An average of 29 adolescents between the ages of 15 and 19 are infected with HIV every hour, according to the United Nations Children's Fund, which is calling for a redoubling of prevention and treatment efforts.
“After all of the saved and improved lives thanks to prevention, treatment and care; after all of the battles won against prejudice and ignorance about this disease; after all of the wonderful milestones achieved, AIDS is still the number two cause of death for those aged 10-19 globally – and number one in Africa,” Anthony Lake, the Executive Director of the UN Children's Fund (UNICEF) said from Durban, South Africa, the site of the 21st International AIDS Conference which opened today.
While rates of new infections among adolescents have levelled off, UNICEF is concerned that projected increases in their population in the coming years will mean an increase in the overall number of infections.
Girls are particularly vulnerable, making up about 65 per cent of new adolescent infections worldwide, according to UNICEF.
In sub-Saharan Africa, which accounts for about 70 per cent of people in the world living with HIV, three out of every four adolescents newly infected by HIV in 2015 were girls.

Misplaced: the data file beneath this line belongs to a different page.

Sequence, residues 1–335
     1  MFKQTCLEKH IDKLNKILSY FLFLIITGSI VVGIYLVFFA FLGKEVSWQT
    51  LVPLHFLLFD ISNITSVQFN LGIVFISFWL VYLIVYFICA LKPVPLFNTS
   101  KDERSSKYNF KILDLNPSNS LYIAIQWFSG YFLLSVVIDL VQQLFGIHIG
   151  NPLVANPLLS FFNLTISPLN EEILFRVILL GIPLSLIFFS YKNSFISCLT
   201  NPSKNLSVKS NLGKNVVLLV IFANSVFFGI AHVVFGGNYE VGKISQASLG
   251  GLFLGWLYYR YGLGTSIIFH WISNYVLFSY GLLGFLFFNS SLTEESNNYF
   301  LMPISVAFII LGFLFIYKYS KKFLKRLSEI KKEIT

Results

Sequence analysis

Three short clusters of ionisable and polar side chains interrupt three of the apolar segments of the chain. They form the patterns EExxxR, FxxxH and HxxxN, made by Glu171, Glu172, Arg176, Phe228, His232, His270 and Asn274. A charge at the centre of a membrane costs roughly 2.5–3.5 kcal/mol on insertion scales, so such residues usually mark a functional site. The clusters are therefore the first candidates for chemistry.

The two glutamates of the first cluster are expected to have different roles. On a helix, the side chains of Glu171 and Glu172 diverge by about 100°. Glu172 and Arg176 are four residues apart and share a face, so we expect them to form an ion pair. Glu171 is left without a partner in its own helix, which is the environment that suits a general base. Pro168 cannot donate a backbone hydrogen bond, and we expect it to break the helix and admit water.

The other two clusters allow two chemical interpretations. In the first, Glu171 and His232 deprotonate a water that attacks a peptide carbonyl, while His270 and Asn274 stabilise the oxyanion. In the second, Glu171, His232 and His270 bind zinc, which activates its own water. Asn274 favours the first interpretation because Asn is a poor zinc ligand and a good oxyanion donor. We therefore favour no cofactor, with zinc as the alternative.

Yet fear of testing keeps many young people unaware of their status. Among adolescents, only 13 per cent of girls and 9 per cent of boys were tested within the last year.
A new poll conducted on U-report, UNICEF's mobile-based reporting tool, shows that some 68 per cent of 52,000 young people surveyed in 16 countries said they did not want to be tested, both because they were afraid of an HIV-positive result, and because they were worried about social stigma.
“The battle against AIDS will not be over until we redouble prevention and treatment efforts; until we reach those young lives still being denied the progress that millions before them have enjoyed; and until we end the stigma and fear that prevent so many young people from getting tested,” Mr. Lake said.
Meanwhile, new infections among children due to transmission at birth or during breastfeeding have decreased dramatically since 2000, dropping by 70 per cent in the period. UNICEF is calling for stepped-up efforts to fully eliminate the transmission of the virus from mother to child.
In 2015, half of new infections among children between the ages of 0 to 14, occurred in only six countries: Nigeria, India, Kenya, Mozambique, Tanzania and South Africa, he noted.
On the first day of the 21st International AIDS Conference, UNICEF heads a session on South Africa's achievements since 2000 towards the elimination of mother-to-child transmission of HIV, and chairs a session that will showcase the potential of mobile applications such as 'Mom Connect,' successfully used in South Africa to link pregnant women and mothers to health care, to prevent mother-to-child transmission of HIV and to improve the health of mothers and children living with HIV.